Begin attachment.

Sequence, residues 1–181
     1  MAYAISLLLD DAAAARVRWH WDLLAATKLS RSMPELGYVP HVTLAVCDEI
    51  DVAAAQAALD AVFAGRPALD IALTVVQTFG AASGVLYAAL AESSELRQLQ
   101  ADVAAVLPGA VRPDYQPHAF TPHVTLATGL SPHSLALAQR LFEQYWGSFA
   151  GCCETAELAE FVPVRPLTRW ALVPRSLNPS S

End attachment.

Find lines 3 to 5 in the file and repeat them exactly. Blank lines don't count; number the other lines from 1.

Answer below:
    51  DVAAAQAALD AVFAGRPALD IALTVVQTFG AASGVLYAAL AESSELRQLQ
   101  ADVAAVLPGA VRPDYQPHAF TPHVTLATGL SPHSLALAQR LFEQYWGSFA
   151  GCCETAELAE FVPVRPLTRW ALVPRSLNPS S